The variance inflation factor (VIF) was used to check for multicollinearity between the factors investigated. All statistical analyses were conducted using IBM SPSS version 22.0 (IBM, Armonk, NY, USA). Patients with missing data were excluded from the analysis. For the analysis of the one-year outcome and the associated factors of death, patients lost to follow-up were excluded.
Informed Consent and Institutional Review Board Approval
The study protocol was approved by the institutional review board of the Tokyo Bay Urayasu Ichikawa Medical Center. Due to the anonymous nature of the data, the requirement for informed consent for the chart review was waived.
A total of 394 patients admitted to our hospital from April 2013 to March 2015 were diagnosed as having heart failure. Of those, 24 patients died in the hospital. Among the 370 survival to discharge patients (DNR group 97 (26%), non-DNR group 273 (74%)), 48 patients (DNR group 17 (35%), non-DNR group 31 (65%)) were lost to follow-up after one year (follow-up rate, 88%). Accordingly, they were excluded from the evaluation of prognostic factors for one-year mortality. Therefore, a total of 322 patients (DNR-group: 80 (25%) and non-DNR group: 242 (75%)) were analyzed to determine the one-year outcome and the association of early DNR with one-year mortality (Table 1). Median age was 74. The early DNR patients were more elderly and more likely to have low BMI, dementia, as well as lower Hb level. They were more likely to be ADL-dependent. Considering the high rate of loss to follow-up, we compared characteristics between the lost follow-up group and the complete follow-up group. The lost follow-up patients were more likely to have dementia (Table 2). Numerically, the rates of early DNR, ADL-dependency, and hemodialysis were higher in the lost follow-up group although the difference was not statistically significant.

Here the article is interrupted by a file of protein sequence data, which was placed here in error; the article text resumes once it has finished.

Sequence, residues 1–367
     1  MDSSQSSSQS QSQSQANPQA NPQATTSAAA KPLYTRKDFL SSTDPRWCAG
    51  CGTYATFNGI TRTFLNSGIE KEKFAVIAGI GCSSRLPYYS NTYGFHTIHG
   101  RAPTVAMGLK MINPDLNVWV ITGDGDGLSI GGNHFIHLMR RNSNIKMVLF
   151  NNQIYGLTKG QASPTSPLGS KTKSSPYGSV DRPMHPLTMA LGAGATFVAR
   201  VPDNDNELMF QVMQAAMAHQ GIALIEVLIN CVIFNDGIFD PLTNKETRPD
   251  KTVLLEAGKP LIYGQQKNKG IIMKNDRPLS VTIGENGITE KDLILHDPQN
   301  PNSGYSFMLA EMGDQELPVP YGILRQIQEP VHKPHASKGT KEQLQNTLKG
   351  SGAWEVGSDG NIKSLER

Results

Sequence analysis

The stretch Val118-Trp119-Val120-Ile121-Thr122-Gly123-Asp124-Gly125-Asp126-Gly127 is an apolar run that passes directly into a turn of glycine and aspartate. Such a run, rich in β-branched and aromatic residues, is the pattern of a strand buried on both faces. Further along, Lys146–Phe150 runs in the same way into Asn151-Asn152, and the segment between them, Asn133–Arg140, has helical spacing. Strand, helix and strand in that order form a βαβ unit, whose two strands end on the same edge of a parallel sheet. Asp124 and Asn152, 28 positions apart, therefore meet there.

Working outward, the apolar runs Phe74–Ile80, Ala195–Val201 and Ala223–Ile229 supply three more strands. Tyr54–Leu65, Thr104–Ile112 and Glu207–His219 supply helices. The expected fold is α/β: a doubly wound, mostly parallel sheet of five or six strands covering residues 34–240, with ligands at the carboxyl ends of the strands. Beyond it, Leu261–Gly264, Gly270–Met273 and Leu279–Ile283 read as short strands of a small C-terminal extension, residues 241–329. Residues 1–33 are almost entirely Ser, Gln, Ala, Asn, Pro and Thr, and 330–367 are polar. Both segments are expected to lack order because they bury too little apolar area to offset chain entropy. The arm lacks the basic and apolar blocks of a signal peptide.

Table 1 Patient Characteristics According to DNR Status
Table 2 Patient Characteristics According to Follow-Up Status
Early DNR and One-Year Mortality After Discharge
The mortality was 13% (43 out of 322) among all patients. The DNR group had higher mortality than the non-DNR group (28.8% (23 out of 80) vs 8.3% (20 out of 242), P<0.001). According to univariate analysis, age≥75 years, sex, BMI<21 kg/m2, diastolic blood pressure, dementia, ADL dependency, EF<40%, serum blood urea nitrogen (BUN), creatinine, sodium, hemoglobin (Hb)<10 g/dL, and history of coronary artery disease were chosen for the forward stepwise method for multivariable analysis to investigate whether an early DNR was an associated factor of one-year death. Not only BMI<21 kg/m2, ADL-dependency, and Hb<10 g/dL but also an early DNR were associated with one-year death (Table 3). All the VIF values were less than 1.3, demonstrating that there was no collinearity between the factors. Of note, among 242 non-early DNR patients, late DNR was ordered for 22 patients during the index hospitalization.
Table 3 Association of Early DNR with One-Year Death Among Acute Heart Failure Patients by Forward Stepwise Multivariate Logistic Regression
In this study, 25% of patients had an early DNR order among acute heart failure patients. Patients with early DNR orders were older and were more likely to be women than those without early DNR orders. They were also more likely to be ADL-dependent. Our study is the first to demonstrate that it is associated with one-year mortality. As much as 12% of patients were excluded from the investigation because of lost follow-up. In comparison with the complete follow-up group, they were more likely to be demented.